Gamabufotalin triggers c-Myc degradation via induction of WWP2 in multiple myeloma cells
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Zhenlong Yu1,*, Tao Li2,*, Chao Wang1, Sa Deng1, Baojing Zhang1, Xiaokui Huo1, Bo Zhang3, Xiaobo Wang1, Yuping Zhong4, Xiaochi Ma1
1College of Pharmacy, Academy of Integrative Medicine, Dalian Medical University, Dalian, China
2Department of Biology, College of Chemistry and Life Sciences, Zhejiang Normal University, Zhejiang, China
3Department of Neurosurgery, The Second Affiliated Hospital of Dalian Medical University, Dalian, China
4Department of Hematology, Beijing Chaoyang Hospital, Capital Medical University, Beijing, China
*These authors contributed equally to this work
Bo Zhang, e-mail: Zhangbodl@126.com
Xiaochi Ma, e-mail: firstname.lastname@example.org
Keywords: gamabufotalin, multiple myeloma, c-Myc, degradation, WWP2
Received: October 13, 2015 Accepted: February 05, 2016 Published: February 15, 2016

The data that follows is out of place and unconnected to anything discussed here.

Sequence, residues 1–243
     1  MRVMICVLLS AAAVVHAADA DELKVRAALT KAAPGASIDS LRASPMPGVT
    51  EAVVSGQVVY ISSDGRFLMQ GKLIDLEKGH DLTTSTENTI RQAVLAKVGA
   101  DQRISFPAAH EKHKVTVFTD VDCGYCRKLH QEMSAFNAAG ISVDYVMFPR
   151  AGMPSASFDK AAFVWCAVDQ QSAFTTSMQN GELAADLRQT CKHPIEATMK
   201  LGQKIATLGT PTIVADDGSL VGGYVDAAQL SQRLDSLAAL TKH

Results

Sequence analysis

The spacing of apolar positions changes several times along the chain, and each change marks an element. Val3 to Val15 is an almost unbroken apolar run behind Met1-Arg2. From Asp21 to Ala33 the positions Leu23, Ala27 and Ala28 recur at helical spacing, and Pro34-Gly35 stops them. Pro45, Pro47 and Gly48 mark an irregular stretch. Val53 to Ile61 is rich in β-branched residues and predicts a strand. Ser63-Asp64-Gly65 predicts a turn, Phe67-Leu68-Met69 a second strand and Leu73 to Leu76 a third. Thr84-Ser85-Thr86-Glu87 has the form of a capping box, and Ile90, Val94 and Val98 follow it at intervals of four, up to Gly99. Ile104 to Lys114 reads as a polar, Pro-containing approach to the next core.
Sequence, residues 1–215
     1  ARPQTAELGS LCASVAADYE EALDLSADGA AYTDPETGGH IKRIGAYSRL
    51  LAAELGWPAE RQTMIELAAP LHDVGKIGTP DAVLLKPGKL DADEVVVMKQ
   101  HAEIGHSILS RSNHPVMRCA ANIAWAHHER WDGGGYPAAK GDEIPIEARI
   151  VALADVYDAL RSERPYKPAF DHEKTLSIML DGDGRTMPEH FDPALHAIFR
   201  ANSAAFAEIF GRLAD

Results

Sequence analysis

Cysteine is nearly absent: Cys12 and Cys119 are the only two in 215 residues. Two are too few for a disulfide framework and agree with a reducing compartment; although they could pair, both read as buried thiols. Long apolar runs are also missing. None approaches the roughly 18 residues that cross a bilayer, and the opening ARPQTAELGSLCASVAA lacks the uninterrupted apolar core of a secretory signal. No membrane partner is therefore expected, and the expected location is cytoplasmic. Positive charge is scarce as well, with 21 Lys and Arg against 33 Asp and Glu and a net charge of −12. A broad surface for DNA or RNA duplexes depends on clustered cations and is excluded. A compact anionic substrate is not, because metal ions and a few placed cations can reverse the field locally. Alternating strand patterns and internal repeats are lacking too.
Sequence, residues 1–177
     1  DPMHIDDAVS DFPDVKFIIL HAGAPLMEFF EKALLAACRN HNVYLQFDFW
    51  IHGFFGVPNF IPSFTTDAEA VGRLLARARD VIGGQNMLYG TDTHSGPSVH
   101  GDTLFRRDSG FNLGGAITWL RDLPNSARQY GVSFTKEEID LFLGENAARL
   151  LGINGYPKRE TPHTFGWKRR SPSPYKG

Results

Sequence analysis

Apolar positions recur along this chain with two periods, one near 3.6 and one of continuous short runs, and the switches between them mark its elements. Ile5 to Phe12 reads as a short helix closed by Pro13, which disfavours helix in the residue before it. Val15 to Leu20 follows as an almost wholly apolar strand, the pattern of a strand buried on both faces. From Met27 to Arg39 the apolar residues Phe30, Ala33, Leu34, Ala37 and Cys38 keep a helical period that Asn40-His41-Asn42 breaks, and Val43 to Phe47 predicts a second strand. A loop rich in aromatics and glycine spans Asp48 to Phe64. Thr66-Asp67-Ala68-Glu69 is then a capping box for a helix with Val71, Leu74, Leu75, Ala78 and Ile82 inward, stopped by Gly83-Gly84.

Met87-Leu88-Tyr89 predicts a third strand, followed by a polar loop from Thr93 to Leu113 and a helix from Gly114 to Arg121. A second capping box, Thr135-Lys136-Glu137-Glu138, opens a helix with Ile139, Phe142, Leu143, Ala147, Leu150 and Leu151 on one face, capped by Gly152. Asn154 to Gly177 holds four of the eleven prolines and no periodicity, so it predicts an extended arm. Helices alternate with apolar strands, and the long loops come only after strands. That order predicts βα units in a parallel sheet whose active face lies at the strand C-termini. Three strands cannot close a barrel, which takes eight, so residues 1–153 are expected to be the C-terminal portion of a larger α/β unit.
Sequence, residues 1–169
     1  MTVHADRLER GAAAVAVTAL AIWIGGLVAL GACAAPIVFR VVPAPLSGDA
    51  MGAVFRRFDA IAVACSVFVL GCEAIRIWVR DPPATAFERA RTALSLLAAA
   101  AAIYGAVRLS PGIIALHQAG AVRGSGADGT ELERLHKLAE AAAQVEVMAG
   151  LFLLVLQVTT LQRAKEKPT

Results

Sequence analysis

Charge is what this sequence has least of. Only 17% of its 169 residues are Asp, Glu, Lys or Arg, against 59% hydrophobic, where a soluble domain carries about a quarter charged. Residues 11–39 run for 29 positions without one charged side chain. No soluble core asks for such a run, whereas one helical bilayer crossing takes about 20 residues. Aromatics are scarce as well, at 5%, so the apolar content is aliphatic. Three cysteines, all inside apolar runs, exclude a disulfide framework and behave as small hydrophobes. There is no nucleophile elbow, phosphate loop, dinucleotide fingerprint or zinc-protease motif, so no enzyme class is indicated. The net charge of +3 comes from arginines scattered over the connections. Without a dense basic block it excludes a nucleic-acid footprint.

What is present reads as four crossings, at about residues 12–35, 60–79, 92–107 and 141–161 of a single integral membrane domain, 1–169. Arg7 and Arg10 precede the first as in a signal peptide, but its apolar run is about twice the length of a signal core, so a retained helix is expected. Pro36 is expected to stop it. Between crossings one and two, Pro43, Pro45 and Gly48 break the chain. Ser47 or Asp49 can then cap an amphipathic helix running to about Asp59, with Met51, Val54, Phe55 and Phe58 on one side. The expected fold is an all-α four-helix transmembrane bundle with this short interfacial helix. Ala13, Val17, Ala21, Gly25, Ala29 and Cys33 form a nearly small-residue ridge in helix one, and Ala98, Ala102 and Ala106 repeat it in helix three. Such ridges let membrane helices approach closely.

Deciding appropriate therapy for multiple myeloma (MM) is challenging because of the occurrence of multiple chromosomal changes and the fatal nature of the disease. In the current study, gamabufotalin (GBT) was isolated from toad venom, and its tumor-specific cytotoxicity was investigated in human MM cells. We found GBT inhibited cell growth and induced apoptosis with the IC50 values <50 nM. Mechanistic studies using functional approaches identified GBT as an inhibitor of c-Myc. Further analysis showed that GBT especially evoked the ubiquitination and degradation of c-Myc protein, thereby globally repressing the expression of c-Myc target genes. GBT treatment inhibited ERK and AKT signals, while stimulating the activation of JNK cascade. An E3 ubiquitin-protein ligase, WWP2, was upregulated following JNK activation and played an important role in c-Myc ubiquitination and degradation through direct protein-protein interaction. The antitumor effect of GBT was validated in a xenograft mouse model and the suppression of MM-induced osteolysis was verified in a SCID-hu model in vivo. Taken together, our study identified the potential of GBT as a promising therapeutic agent in the treatment of MM.
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